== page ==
By Chimamanda Ngozi Adichie
Anchor, 2014
477 pages, $9.71
Reviewed by Deanna Saah


Americanah is an insightful and enlightening book by Nigerian novelist Chimamanda Ngozi Adichie. Adichie was born in Enugu, Nigeria and is the fifth out of six children. She gave a well-known TED talk titled “We Should All Be Femenists,” which discussed the problems of gender roles and a part of the talk was featured in Beyoncé’s song “Flawless”. Her first novel, Purple Hibiscus (2003), was very popular when it was published and her second novel, Half of a Yellow Sun (2006), was adapted into a movie. She has been nominated for many awards including the Orange Prize. She left Nigeria when she was 19 where she briefly studied communications and political science at Drexel University in Philadelphia and then transferred to Eastern Connecticut State University where she graduated summa cum laude in 2001. She was also a Hodder Fellow at Princeton from 2005-2006. She received her master’s degree in creative writing at Johns Hopkins University in 2003 and another one in African studies at Yale University in 2008. Adichie’s experience with living in some of these places has been inspiration for the setting of the novel. The book focuses on racism in American culture and is about Ifemelu, a Nigerian woman, who moves to the United States to study at Princeton. The book follows Ifemelu’s transition in America and the racism she encounters which causes her to change and break up with her boyfriend, Obinze, who also experiences racism when he is in England and the struggles he faces as an illegal immigrant.

She also sees how her aunt has transitioned into the American culture and the new views she possesses along with how her aunt’s son, Dike, faces the struggles of growing up in the American culture. Ifemelu has a hard time transitioning into this new culture since she is not familiar with it but also because of the prejudice she faces because of society’s preconceived ideas and definitions towards a group of people. She sees how people she knows, like her aunt, have changed through their appearance, attitude, and beliefs. The audience sees how Ifemelu assimilates into the American culture too-she perfects the American accent and changes her hair-so she can be accepted by society’s preconceived ideas and not judged based on her appearance and attributes. Obinze has a hard time in England as well since he is an illegal immigrant and must take on a new identity to work low-income jobs to support himself. He tries to get a green-card by marrying a woman he does not know but is caught and sent back to Nigeria. He eventually becomes wealthy by selling real estate in Nigeria and gets married but he reconnects with Ifemelu when she returns. Adichie sheds light on how the characters deal with racism and how prevalent it is even though some people making these comments may not realize what they are saying or doing. The feelings of the characters in the book convey how some, if not all, immigrants feel when they go to a new country where they are seen as less than because of the color of their skin and the prejudice they encounter because of society’s view of people who do not fit its expectations and definitions. The author’s experiences from her life make this book credible because she has firsthand experience on the matter and also allows people of color to resonate with her.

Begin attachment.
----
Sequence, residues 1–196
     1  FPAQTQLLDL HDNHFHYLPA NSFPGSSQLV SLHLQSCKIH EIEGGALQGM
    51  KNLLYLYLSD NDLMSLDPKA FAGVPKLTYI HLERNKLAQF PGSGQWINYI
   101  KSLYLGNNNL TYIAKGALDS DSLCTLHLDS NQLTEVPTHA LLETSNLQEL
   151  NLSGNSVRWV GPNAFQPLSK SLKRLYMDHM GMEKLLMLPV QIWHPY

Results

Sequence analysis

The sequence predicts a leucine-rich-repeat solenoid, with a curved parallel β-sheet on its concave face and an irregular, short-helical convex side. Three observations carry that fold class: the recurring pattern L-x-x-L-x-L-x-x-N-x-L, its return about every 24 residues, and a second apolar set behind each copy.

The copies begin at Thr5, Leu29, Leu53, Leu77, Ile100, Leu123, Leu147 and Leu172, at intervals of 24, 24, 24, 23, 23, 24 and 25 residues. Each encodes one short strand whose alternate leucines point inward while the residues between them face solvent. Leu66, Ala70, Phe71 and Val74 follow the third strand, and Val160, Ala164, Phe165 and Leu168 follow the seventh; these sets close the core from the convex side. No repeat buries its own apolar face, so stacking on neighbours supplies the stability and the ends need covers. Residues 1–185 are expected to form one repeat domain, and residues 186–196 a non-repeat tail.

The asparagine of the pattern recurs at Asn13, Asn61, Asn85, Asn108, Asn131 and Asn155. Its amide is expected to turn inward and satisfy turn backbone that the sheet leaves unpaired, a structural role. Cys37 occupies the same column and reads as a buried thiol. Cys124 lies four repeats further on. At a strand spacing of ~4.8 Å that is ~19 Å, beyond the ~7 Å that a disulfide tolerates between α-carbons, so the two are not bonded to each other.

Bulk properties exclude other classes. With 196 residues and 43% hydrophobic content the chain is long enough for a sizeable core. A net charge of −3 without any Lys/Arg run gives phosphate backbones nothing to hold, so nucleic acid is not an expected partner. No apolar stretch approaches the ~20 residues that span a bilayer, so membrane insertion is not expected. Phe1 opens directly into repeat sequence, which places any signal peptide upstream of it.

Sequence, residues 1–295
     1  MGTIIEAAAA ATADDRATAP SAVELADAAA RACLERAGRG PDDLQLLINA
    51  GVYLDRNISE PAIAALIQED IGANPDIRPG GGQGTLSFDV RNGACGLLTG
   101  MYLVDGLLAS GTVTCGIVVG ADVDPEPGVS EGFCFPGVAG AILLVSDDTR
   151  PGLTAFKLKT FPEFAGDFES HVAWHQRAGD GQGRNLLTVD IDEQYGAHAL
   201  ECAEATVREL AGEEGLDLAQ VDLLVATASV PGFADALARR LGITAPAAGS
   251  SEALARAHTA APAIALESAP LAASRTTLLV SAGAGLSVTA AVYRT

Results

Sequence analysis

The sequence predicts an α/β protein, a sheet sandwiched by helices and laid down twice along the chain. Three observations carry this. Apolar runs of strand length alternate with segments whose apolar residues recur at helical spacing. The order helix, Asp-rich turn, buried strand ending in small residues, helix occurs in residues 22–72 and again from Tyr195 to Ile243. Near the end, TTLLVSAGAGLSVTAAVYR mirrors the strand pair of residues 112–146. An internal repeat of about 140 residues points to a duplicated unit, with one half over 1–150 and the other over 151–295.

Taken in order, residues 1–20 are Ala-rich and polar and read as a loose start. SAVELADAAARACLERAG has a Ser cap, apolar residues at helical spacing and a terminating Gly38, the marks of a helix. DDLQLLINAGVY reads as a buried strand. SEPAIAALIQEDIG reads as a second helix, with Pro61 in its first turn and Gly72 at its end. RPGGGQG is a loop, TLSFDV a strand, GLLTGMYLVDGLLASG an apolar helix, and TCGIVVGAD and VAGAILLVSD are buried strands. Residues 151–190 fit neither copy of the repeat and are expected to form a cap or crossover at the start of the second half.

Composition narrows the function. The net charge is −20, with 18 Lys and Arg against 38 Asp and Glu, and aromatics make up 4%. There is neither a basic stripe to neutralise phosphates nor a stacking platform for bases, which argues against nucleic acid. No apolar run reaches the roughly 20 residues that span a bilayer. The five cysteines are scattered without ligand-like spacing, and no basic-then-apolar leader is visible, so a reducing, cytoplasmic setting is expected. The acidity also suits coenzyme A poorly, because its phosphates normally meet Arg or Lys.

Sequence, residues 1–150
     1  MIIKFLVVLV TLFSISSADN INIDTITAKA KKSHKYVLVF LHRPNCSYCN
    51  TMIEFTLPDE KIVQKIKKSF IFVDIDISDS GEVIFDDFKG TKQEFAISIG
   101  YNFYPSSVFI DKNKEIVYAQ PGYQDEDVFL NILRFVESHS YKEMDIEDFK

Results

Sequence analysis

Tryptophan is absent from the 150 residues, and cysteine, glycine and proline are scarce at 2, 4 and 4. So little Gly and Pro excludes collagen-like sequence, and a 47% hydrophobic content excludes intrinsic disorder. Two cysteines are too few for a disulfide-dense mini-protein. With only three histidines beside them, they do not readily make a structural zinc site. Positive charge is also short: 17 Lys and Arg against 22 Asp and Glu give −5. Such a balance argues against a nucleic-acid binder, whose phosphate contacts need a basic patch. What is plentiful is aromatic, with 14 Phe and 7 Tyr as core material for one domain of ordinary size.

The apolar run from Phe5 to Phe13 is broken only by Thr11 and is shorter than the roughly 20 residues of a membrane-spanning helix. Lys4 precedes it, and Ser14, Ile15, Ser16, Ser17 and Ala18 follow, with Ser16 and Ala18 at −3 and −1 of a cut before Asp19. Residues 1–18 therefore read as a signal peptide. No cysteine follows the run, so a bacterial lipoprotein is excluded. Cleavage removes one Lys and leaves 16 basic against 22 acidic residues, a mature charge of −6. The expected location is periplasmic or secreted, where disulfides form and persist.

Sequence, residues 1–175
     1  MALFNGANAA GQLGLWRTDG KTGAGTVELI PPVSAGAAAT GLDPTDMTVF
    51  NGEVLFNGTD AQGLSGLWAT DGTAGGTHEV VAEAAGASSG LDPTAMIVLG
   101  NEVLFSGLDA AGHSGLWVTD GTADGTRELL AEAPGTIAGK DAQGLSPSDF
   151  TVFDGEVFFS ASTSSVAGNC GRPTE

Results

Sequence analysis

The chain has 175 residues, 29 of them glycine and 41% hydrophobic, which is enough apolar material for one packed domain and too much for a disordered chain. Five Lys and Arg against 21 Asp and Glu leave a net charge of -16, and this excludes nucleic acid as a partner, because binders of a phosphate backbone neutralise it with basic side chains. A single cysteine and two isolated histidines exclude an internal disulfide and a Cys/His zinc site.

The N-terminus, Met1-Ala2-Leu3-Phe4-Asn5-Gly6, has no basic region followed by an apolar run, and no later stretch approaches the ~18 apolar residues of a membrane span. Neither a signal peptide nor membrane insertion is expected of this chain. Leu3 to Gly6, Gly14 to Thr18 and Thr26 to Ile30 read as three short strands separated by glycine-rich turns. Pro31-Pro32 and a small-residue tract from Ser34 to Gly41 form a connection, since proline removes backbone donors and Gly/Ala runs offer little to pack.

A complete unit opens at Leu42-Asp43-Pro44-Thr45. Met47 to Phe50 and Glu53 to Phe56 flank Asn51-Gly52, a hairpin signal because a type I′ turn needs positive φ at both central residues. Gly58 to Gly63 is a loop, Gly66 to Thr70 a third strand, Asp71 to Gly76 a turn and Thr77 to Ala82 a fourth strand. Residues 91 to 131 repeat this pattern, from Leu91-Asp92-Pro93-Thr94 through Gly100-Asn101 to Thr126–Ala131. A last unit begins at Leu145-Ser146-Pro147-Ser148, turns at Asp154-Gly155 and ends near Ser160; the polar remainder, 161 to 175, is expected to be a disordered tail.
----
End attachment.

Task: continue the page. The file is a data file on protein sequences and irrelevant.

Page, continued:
Throughout the novel, Adichie details the hardships each character goes through and the racism they experience. Americanah conveys the struggles of a Nigerian in American culture and society’s ignorant ideas about people of color, most importantly, who are from another country. The ignorance that is portrayed allows readers who are not the minority see how a small comment, which may not sound like a big deal, actually is and how it can oppress an entire race. Readers are also able to see how this ignorance makes someone look which then conveys that there is a real problem with preconceived ideas that are taught to them growing up. This ignorance is taught and learned; people are not born racist. It also makes them aware of white privilege in society and how this is an issue because it makes it seem like one race is better than the other which it is not. The audience can see the issue of how people perceive other cultures due to society’s ideas and because of this, it is detrimental to an entire race and group of people who are not the definition of these stereotypes.

Americanah is a book that is real and truthful. It opened my eyes to how one feels when they are oppressed and the racism that is prevalent in everyday speech. It made me question myself and think about if I made any comments about someone was racist and how that would make them feel. Adichie is able to reach everyone-those who can relate to the characters’ struggles and those who are not the minority which can allow them think about their actions and the racism that is very prevalent in society. Adichie’s diction and details of each character’s background and qualities about them made the book interesting and flow well. The story is interesting and from the beginning I knew it was going to be a good book because of the way it is written. It has a good message by talking about the topic of racism which is still a big issue today. Right now, the movement Black Lives Matter shows the injustice towards people of color by pointing out racism in society. Even though we have changed a lot compared to 50 years ago, there is still prejudice towards people of color and the only way to fix this is to point out these injustices. Adichie points out these injustices by talking about racism and succeeds at this by her impressive writing style which makes the book hard to put down and every reader who picks up this book will not be disappointed.